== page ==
Chip shortage squeezes PC parts more than ever


Almost a year after the onset of the global chip shortage, the situation of the semiconductor industry has not improved. In fact, it got worse. According to a new study from Susquehanna Financial Group, which has been tracking chipmakers since 2017, the chip shortage is growing like never before.

As reported by Bloomberg, chipmakers’ lead times have reached an all-time high. With this level of high-volume production, computer manufacturers, auto makers, and anyone with a foothold in the electronics world must place orders well in advance to factor in chip manufacturing time. . Normally the turnaround time is around 12 to 15 weeks. Now they last for over 20 weeks – the longest duration Susquehanna Financial Group has seen since 2017.

This is a worrying sign, indicating that the chip shortage may not yet be in the rearview mirror. Intel’s CEO warned in April that the situation would not recover until after 2022, and the IBM president said it would last a few more years into May. Even with the resumption of supply chains, it seems chipmakers haven’t been able to catch up.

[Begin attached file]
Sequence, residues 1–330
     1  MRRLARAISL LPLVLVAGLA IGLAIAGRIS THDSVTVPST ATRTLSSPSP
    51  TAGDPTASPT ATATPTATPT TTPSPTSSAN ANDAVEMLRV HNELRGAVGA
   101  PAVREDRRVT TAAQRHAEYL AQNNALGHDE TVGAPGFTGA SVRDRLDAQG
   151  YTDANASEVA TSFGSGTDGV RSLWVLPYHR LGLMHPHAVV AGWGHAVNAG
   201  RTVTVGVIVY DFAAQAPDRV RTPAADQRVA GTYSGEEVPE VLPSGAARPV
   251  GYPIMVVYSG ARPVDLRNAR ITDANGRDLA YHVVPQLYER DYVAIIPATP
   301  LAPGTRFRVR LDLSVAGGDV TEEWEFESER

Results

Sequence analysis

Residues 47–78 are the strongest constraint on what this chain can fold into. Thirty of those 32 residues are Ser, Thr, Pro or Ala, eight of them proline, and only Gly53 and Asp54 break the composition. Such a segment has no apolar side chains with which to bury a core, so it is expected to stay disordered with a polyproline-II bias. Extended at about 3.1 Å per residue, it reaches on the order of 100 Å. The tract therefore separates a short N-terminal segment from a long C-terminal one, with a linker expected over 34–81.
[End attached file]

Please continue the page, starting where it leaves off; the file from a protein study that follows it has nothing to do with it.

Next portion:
Fortunately, extended delivery times do not apply to all types of chips. The turnaround times for power management chips, which ensure that components inside devices receive the right amount of power, have decreased.

Microcontrollers, on the other hand, are rare and in great demand. These chips handle logic and have applications in any electronic device with automatic functions, including printers, cars, and almost any smart home device. Delivery times for these chips are typically six to nine weeks, but have now grown to over 26 weeks.

There is good news, however, if you’ve been waiting for the GPU shortage. Most of the problems seem to apply to chips in cars, electronic accessories, and household appliances. Processors and GPUs are created using the latest processes, the supply of which increases as chipmakers are able to build more factories. In short, you should be able to find the new MacBook Pro, but accessories for it can be hard to find.

Automakers have been hit hardest by the shortage, potentially losing more than $ 100 billion in sales according to Bloomberg. The IT market faces a different problem: overcompensation. According to Jon Peddie Research, the increased demand caused by the pandemic won’t last forever, leaving PC parts makers with devices they can’t sell.

Right now, extended delivery times don’t mean much. In several weeks – probably somewhere in the six month range – things can change. Inventory of processors and GPUs is much better now than it was months ago, but longer delivery times result in higher demand, which could mean higher prices.

At the start of the second half of the year, the chip shortage will be a delicate balancing act between how many devices companies like Apple, AMD, and Nvidia need and how much they’re willing to spend. We might see fewer PC parts or a lot of them with higher prices – hopefully we won’t see both, and ideally we won’t see either.

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